500 -

‘E 400 -
T 300 -

200 -

100 -

01 ’
213’K 273’K 33YK
-6OT 0°C 6O*C
Radiating surface temperature ( T, 1

FIG. 4. The curved line plots the emitted thermal radiation per unit effective area, Q./A.,
of a black (e = 1) surface at a temperature T,. The straight line tangent to the curve at
T, = ?, is a linear approximation to the true curvilinear relation. The slope of the line is R ,
and the heat transferred at the linearization point, T,, is uTt. The equation of the line is
then Q./A. e R(T, - Tr) f UT:. Over a range from T,“‘” to TF, the accuracy of the linear
approximation may be improved, at the expense of reduced accuracy near Tr, by multi-
plying UT, by N to raise the approximation line slightly. as shown.

multiplying cr~T,~ by the effective radiating area of the animal, A,. The
effective area is less than the total surface area, A, and depends on the geo-
metry of the animal and its environment. Halliday & Hugo (1963) describe a
straightforward method of measuring A,.
As well as emitting thermal radiation, the outer surface of the animal
absorbs thermal radiation emitted by surfaces in the environment. In a simple
environment, such as a metabolism chamber or other enclosure with black
(& z 1) walls, the net heat transfer resulting from the emission and absorption
of thermal radiation may be linearized about the average surface temperature
of the animal and the enclosure (Kreith, 1965, p. 230). Linearization about
the enclosure temperature is adequate for a well-designed metabolism
chamber. However, it is unsatisfactory for general biological problems, since
the outdoor environment lacks a welldefined radiation temperature, with the
sky and bare ground differing by 50-80 “K or more on a clear day (Gates,
348 G. S. BAKKEN

1968). The complexity of the outdoor environment requires that absorbed

and emitted radiation be considered separately. Absorbed thermal radiation
is essentially independent of T, in an outdoor environment, and may be
calculated from the geometry of the animal and environment and included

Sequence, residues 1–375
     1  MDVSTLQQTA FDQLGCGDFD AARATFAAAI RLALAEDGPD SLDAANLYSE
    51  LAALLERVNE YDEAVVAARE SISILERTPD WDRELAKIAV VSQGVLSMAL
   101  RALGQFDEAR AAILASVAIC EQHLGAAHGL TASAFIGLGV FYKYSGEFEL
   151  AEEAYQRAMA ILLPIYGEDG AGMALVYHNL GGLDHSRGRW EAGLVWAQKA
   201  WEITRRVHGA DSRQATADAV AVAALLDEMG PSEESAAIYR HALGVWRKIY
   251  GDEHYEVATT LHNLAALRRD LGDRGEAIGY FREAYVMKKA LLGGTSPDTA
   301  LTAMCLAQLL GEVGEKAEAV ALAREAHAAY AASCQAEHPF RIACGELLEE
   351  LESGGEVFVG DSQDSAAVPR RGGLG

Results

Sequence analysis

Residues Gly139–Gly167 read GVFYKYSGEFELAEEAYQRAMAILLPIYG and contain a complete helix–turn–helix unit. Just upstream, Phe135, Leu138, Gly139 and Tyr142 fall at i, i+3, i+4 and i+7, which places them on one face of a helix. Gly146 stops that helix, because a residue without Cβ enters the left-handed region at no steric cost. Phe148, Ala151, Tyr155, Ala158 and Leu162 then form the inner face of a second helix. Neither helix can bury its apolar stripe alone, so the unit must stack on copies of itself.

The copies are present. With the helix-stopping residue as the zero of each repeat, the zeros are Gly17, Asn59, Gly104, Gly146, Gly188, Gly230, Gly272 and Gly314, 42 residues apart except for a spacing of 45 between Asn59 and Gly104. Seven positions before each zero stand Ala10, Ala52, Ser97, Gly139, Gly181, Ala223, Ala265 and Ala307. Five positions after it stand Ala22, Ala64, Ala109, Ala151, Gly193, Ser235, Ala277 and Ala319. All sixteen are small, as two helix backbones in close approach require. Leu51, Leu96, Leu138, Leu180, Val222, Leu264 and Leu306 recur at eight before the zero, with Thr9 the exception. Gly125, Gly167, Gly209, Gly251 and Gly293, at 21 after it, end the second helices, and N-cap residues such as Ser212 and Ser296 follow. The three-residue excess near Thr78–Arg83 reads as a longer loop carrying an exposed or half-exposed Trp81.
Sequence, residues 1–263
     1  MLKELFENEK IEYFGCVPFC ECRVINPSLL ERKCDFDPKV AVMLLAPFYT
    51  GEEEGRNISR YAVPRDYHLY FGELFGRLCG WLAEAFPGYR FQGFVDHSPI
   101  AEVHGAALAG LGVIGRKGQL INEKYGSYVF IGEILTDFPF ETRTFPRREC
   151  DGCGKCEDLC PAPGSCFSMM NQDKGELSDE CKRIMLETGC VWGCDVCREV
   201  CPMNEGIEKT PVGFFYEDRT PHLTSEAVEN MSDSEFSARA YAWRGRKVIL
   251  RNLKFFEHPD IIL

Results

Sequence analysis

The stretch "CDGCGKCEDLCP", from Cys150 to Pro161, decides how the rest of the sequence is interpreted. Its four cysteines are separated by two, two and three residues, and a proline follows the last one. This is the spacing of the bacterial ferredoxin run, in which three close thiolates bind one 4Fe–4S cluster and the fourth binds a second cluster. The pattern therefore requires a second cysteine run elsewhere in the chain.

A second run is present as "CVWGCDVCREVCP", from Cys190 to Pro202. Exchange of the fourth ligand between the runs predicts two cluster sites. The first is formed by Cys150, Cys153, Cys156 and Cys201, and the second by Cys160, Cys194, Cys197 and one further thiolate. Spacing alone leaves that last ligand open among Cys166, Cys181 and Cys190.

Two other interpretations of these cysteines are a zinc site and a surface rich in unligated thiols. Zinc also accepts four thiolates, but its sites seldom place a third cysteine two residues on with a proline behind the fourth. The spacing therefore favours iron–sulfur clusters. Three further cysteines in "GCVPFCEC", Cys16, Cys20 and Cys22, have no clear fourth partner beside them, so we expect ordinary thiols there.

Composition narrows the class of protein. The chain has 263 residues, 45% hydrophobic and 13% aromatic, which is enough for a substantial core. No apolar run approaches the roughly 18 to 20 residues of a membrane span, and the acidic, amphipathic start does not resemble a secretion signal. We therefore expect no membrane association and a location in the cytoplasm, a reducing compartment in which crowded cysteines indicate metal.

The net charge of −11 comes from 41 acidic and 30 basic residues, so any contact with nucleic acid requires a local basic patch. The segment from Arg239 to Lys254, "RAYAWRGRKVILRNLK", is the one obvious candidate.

in the overall heat transfer as a rate. Absorbed solar radiation is similarly
independent of T,, and may also be calculated as a heat flow rate. The
combined rate of heat flow due to absorbed solar and thermal radiation is
denoted by Q,, and methods for calculating its value are described by Kreith
(1965), Birkebak (1966) and Porter & Gates (1969). With this procedure, only
emitted radiation involves a dependent variable and requires linearization.
The best linearization point for general environments is the mean surface
temperature of the animal, T,, for the time period of interest. Other values
may be used in some cases, such as the surface temperature of the enclosure
surrounding the animal in a Iaboratory experiment. The linearization is
diagrammed in Fig. 4. The slope of the tangent to the curve giving Q, as a
function of T, at the point ‘i;, is R = 4A,aeT:, and is the linearized radiation
heat transfer coefficient. It is found by evaluating dQ,/dT, at T, =T,. The
heat radiated when T, = Tr is A,ae’i’,4. The linearized approximation to the
heat emitted as thermal radiation from the surface of the animal is then
Q, = A, a&T: r R(T, - T,) + NA, a&T:. (3)
This has the expected form of a linear heat transfer rate from the surface at a
temperature T, to an imaginary environmental heat source/sink at the linear-
ization temperature T,, plus a constant heat flow rate. The multiplying factor
N is an optional constant slightly greater than 1 which improves the accuracy
of the approximation over a fixed range. For example, the difference between
the correct and linear approximation values for Q, is less than 1% for Tr =
293 “K (20 “C) over the range 9 < T, < 32 “C with N = 1, but less than
l/2 % for N = 1.005. Similarly, the difference over a range - 3 < T, < 50 “C
is less than 5 % for N = 1 and 2.5 y0 for N = l-025, and over a range
- 11 < T, < 65 “C, less than lop/, for N = 1 and 5 % for N = 1.05. This is
diagrammed in Fig. 4.
The net heat transferred to the surface by absorbed and emitted thermal
radiation and absorbed solar radiation is thus:
Q,-Q, = Q.-NT-T”,) (4)
where Q. = Q,,- NA,a&‘l’.
If N = 1, Q. is equal to the total net heat transfer by all radiative processes
when T, = i=,,. As a result of this identification and the absence of lineariza-
tion error when T, = Tr, intuitive discussion and analysis is simplest when
N = 1. I will thus assume N = 1 in the rest of this paper.

3. Lhearhd Heat Transfer in Animals


Figure 1 shows the thermal circuits used to represent an animal in the

subsequent analysis. The circuit has three nodes, representing: (1) The core
and core-skin interface, temperature Tb. (2) The skin-external insulation (fur
or feathers) interface, temperature T,. (3) The e&ctive external surface where
radiative and convective heat exchange takes place, as defined by Clark, Cena
& Monteith (1973), temperature T,. This surface is the actual surface of a
naked animal, or an effective surface lying just under the apparent surface of
the plumage or pelage of an insulated animal. All of the heat storage capacity
of the animal is lumped into the body core, so that the skin and external
insulation has zero heat storage. This assumption is good for animals with
effective fur or feather insulation, and small or large animals. However, this